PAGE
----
Malta’s economy is growing faster than the government anticipated a year ago while the deficit is also being trimmed, figures released ahead of the Budget 2024 speech indicate.
Economic indicators released on Monday paint a fairly positive picture of the near future, with metrics for GDP growth, deficit and debt all reaching better-than-predicted levels for 2023.
The government expects to continue that positive trend over the upcoming three-year period leading to 2026 – though it will need to keep a close eye on rising debt levels and the annual cost of servicing that debt.
Data released by the finance ministry suggests the government has no intention of ending energy subsidies anytime soon, despite pressure from the EU and International Monetary Fund to do so.
Instead, the government is forecasting that subsidies will continue to eat up slightly under 5 per cent of its annual recurrent expenditure every year up to 2026.
Economic growth and inflation
Malta’s economy is expected to grow by 4.1 per cent in real terms (adjusted for inflation) this year, higher than the 3.5 per cent rate that the government was expecting a year ago and well above the EU average of 0.8 per cent.
GDP growth is expected to reach much the same levels in 2024 (4.2 per cent).
Inflation also appears to be on a downward trend, judging by government projections. Having peaked at 6.1 per cent in 2022, local inflation is now likely to measure 5.7 per cent by the end of this year, before dropping significantly to 3.7 per cent in 2024 and to the European Central Bank’s target rate of 2 per cent by 2025.
Those projections will come as a relief to many households, which have struggled to keep pace with the rising cost of living in recent years, as well as policymakers who have found it hard to keep food inflation in check.
That is reflected in Malta’s rate of inflation when compared to its EU peers: the Harmonised Indices of Consumer Prices (HICP) is only a hair below the Eurozone average this year, despite the government having spent more than €300 million to put a lid on energy prices.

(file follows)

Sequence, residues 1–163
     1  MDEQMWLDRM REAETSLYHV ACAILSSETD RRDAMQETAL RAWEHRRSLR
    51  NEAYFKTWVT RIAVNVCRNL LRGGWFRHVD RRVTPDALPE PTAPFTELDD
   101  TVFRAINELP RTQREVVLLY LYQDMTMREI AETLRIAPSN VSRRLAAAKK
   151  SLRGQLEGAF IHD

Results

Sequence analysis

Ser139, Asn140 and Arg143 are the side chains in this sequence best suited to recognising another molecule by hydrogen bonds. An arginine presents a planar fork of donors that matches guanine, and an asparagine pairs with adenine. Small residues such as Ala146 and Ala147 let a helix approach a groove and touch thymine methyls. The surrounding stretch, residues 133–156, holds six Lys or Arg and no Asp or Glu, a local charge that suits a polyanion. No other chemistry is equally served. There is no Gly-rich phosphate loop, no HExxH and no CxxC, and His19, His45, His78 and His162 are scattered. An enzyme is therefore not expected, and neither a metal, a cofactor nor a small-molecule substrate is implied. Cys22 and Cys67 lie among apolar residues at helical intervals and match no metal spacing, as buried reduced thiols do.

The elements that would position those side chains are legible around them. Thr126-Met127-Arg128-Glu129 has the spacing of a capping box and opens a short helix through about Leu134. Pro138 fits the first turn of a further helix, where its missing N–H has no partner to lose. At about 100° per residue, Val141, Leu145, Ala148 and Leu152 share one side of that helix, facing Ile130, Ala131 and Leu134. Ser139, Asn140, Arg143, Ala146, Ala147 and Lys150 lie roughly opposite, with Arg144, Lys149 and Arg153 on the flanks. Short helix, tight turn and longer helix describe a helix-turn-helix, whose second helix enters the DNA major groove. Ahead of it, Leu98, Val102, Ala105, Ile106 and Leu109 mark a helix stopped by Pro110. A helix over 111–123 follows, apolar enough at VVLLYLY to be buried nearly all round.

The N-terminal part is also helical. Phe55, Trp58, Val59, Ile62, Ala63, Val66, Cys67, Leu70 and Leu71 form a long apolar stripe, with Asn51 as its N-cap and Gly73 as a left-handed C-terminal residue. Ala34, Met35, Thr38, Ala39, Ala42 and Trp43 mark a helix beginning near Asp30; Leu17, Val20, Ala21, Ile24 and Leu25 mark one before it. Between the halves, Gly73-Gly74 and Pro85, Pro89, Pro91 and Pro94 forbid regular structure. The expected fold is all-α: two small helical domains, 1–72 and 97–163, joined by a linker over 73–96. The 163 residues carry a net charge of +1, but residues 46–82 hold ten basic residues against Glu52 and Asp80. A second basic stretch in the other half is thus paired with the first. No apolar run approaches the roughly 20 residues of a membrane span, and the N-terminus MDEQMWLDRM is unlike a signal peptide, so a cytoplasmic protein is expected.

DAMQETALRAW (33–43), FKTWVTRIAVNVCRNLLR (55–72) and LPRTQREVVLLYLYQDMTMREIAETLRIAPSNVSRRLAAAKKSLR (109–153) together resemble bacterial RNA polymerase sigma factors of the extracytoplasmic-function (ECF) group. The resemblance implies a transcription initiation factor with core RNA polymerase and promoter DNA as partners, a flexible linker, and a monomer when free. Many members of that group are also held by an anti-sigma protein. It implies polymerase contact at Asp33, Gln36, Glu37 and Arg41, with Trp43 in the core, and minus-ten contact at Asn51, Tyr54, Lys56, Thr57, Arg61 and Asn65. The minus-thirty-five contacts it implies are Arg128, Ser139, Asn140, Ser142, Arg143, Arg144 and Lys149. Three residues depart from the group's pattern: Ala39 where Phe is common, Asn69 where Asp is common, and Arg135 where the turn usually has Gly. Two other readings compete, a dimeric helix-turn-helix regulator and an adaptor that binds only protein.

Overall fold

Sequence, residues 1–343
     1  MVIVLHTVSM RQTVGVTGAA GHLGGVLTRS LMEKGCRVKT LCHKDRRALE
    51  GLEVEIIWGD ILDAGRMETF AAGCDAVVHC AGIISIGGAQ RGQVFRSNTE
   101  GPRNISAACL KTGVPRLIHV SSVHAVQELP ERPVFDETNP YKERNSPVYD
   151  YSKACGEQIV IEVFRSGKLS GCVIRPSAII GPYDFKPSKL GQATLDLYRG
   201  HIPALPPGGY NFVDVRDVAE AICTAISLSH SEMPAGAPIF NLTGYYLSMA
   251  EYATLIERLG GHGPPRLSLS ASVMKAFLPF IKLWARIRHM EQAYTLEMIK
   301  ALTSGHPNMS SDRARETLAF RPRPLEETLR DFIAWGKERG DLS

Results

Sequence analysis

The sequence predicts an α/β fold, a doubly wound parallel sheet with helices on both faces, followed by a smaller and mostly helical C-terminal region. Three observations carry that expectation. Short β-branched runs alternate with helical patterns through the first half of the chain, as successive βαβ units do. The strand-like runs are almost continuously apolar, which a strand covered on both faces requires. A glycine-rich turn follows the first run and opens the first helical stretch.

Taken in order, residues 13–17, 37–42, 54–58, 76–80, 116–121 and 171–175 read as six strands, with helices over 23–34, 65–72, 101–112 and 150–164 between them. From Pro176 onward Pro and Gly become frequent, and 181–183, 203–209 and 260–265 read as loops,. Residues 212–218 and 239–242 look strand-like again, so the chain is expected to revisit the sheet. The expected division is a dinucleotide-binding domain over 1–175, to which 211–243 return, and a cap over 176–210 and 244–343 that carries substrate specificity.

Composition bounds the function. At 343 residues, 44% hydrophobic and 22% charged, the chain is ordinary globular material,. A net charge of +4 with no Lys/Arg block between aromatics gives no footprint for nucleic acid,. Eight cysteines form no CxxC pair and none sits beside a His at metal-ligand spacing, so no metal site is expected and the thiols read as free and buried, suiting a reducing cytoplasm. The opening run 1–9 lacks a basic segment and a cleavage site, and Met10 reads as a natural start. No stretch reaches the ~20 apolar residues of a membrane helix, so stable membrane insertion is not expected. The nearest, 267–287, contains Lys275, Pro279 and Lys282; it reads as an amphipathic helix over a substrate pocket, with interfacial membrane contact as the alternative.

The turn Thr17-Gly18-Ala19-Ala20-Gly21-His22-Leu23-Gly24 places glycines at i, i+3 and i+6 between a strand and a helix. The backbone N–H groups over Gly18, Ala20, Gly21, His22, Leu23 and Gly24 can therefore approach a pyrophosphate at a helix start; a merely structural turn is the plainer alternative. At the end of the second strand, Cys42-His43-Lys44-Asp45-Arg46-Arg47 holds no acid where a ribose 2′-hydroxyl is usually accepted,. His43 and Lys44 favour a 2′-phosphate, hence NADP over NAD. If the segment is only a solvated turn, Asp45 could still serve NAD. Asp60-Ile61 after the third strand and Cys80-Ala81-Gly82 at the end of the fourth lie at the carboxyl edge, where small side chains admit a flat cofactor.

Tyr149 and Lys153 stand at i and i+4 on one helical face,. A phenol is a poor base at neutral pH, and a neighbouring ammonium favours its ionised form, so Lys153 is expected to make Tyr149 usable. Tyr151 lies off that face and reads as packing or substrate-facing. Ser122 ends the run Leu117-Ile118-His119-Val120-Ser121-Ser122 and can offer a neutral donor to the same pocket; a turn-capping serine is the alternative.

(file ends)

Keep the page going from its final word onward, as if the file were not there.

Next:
Deficit and debt
After years of strong improvement in its public finances, deficit and debt metrics saw a dramatic downward swing from 2020 onwards, as the COVID-19 pandemic forced the government to dig deep into its pockets to shore up the economy.
But the size of the national deficit – the annual shortfall between what the government earns and what it spends – is now shrinking once again.
The government initially expected to end 2023 with a deficit of -5.5 per cent this year. It now thinks it will do better and close the year with a -5% deficit. The forecast is for the deficit to continue shrinking by 0.5 percentage points each year up to 2026.
That projection could raise some sceptical eyebrows, as the projected annual decrease of 0.5 percentage points is the minimum required of EU member states under new rules that the European Commission intends to introduce to encourage fiscal discipline.
Under those rules, Malta will avoid any penalties for having a deficit higher than 3 per cent if it slashes that figure by 0.5 percentage points each year.
Malta is on safer territory when it comes to debt metrics, as the country’s debt-to-GDP ratio will remain safely under the EU’s 60 per cent cap for the foreseeable future.
That ratio, which will likely stand at 52.8 per cent by the end of 2023, is expected to rise incrementally to 56.9 per cent by 2026. The total amount of national debt will also balloon to roughly €13 billion by that year, having ripped past the €9 billion mark some months back.
Around €215 million in public money has been reserved in 2024 to capitalise the ‘new’ Air Malta, which will fly its maiden flight in the spring of that year.
As debt grows, so will the country’s interest payments to service it: Malta paid €173.6 million in interest on its debt in 2022, will spend €209 million this year and €270 million in 2024. Perhaps more concerning is the expectation that interest rates on that debt will rise from 1.1 per cent this year to 1.5 per cent in 2026.
National deficit and debt also registered better-than-expected performance this year, preliminary figures indicate.
Next year, €4.90 out of every €100 spent by the government will go towards keeping electricity and fuel rates unchanged.
Despite that significant outlay, the government expects to spend proportionally less on recurrent expenditure in the next years than it did in the previous ones: such spending will most likely drop to 32.4 per cent of GDP in 2024, having reached 37.4 per cent at the height of the COVID-19 pandemic.
Capital expenditure – spending on things like infrastructural projects – will take a hit, however.
While the government will have forked out just over €1 billion in capital expenditure this year (5.6 per cent of GDP), spending will be trimmed to €905 million in 2024 (4.5 per cent of GDP) before resuming an upward trend in the following two years. By 2026, the government expects to be spending €1.1 billion (4.8 per cent of GDP) in capital expenditure.
The Finance Ministry justified this drop by saying that the high capital expenditure figure for 2023 was due to a disproportionate number of bills for capital projects co-funded by the EU coming due.